At an immensely crowded bus stop, I saw 11 young girls collect bus fare to pay to the conductor and barrel into the first door of the bus as soon as it halted. It was clear from the bus driver’s expression that no resistance was going to work; wrong door or not, these girls were going where the bus was going to take them, and he was just going to carry on. I saw a girl construct a picture perfect frame for her friend’s photo — beam of sunlight, yellow windowsill, and a large white mural in the background. I tried to re-create that frame for my friend and I did a really bad job. Another time, I saw another group of college friends singing along to a fresh new hit and I sat there listening to the smiles in their voice. Then, I looked up the song and every time I listen to it, I think of those teenagers having a good time.
I have felt such an immense joy for all of them because I love watching young people have a great time. It makes me so deliriously happy to go out into the world and see girls and boys throwing caution to the wind, laughing about something that will become a distant memory, and sharing momos and pizza with each other. It is true that youth is wasted on the young, but I am convinced that they deserve the jocund abandon that comes with it.
Sometimes, I think I have only ten years left to live a quality life, fifteen at the maximum. This thought doesn’t come from a sense of doom, but seems like a reflection of the world we live in. I’m trying to eat ground flaxseed every morning, but it’s hard to say if any of this eat-seeds-for-nutrition life is going to be around in fifteen years. The deterioration of the quality of air, water, food, and soil seems to be behind this very vague analysis I have made of my own mortality. I find myself making a fifteen-year plan that might be based on an impoverished imagination, but I do bring to it a great deal of enthusiasm of being alive.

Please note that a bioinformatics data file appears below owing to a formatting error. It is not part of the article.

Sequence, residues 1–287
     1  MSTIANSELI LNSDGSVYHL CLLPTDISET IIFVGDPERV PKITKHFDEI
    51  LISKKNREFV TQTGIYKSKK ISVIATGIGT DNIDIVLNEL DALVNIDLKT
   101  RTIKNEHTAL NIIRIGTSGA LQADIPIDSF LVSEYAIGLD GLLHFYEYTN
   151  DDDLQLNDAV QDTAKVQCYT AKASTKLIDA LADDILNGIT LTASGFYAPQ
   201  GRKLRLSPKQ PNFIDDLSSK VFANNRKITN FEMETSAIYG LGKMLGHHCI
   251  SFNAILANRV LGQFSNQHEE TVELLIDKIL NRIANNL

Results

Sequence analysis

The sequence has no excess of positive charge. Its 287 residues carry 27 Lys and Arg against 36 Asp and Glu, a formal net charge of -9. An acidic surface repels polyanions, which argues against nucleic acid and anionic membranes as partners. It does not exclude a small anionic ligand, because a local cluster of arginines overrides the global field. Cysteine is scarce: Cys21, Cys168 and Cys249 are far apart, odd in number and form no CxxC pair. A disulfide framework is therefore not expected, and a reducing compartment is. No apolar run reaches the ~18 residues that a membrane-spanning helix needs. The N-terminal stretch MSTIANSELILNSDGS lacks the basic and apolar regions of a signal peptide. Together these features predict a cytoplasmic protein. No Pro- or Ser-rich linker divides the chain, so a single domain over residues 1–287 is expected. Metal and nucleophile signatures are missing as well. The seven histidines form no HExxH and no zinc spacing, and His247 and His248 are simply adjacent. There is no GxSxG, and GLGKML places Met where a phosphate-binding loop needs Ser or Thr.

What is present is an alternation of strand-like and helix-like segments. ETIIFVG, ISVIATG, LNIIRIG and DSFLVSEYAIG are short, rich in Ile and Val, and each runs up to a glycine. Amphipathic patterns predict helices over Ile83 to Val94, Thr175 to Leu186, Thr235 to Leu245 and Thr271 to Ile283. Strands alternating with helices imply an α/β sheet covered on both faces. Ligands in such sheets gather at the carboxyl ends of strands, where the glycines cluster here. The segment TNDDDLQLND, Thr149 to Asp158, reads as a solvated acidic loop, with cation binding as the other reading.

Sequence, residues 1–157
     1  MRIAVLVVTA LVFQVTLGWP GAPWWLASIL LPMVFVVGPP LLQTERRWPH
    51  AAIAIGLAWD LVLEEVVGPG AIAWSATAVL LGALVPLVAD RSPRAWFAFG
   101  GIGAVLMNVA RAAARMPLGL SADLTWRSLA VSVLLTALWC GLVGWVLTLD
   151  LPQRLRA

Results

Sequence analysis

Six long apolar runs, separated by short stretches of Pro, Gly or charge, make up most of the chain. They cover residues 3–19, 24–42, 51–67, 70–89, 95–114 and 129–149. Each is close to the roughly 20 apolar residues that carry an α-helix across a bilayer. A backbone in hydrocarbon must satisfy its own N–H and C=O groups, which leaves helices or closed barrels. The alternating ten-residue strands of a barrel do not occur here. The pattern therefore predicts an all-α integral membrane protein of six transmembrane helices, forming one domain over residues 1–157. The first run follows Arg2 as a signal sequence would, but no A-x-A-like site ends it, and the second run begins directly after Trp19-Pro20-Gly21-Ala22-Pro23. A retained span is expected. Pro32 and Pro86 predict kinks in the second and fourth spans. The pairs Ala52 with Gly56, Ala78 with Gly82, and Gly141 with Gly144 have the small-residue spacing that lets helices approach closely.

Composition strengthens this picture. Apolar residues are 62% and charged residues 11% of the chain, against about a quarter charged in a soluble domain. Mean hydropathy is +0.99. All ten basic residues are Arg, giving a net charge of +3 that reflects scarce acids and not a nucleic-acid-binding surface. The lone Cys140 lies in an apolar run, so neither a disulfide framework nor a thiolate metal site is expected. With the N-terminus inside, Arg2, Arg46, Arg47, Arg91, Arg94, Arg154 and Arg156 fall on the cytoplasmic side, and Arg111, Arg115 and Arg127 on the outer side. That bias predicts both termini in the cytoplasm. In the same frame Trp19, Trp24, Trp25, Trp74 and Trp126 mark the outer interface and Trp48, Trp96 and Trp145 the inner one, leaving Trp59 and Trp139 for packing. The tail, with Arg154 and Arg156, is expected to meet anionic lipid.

In all these conversations I’ve had with friends, one thing has become certain that none of us are deluded about what is happening to us as a society and how we are struggling to cope as individuals. As time passes by, we are being caught up in an intricate web of intergenerational trauma, patriarchy, religious barriers (including those of caste), and insensitive policy- and decision-making by people in “positions of power” on multiple levels. We have been able to put money in the hands of the middle class, but we have not been able to break any of the existing ideological barriers that are an impediment to the quality of life.
This is not to say we are blind to the barriers that exist or are not working towards taking them down, but no matter how much ground flaxseed you eat, you do get tired. We cannot yoga away our problems. I am certain that a lot of work needs to be done for those young people barrelling into the bus, singing a new song, or taking perfect photos so that they don’t have to quarrel with the “system” as much as we do. The system is not broken, it is designed this way.
Because what else is the point, really? If any of the saints and mystical poets are to be believed, life is about suffering, and the getting over of suffering, perhaps. However, if yin and yang must exist, they have to be redefined.
Whatever it is, in between rage and sobs, I am determined on having a damned good time.
“koī ḳhāmosh zaḳhm lagtī haiGulzar
zindagī ek nazm lagtī hai.”